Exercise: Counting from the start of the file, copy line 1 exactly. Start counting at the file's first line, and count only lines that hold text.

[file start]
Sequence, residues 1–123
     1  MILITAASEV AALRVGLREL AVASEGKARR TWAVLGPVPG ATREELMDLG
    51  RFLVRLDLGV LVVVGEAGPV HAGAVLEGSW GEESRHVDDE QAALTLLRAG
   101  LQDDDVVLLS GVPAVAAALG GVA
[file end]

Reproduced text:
Sequence, residues 1–123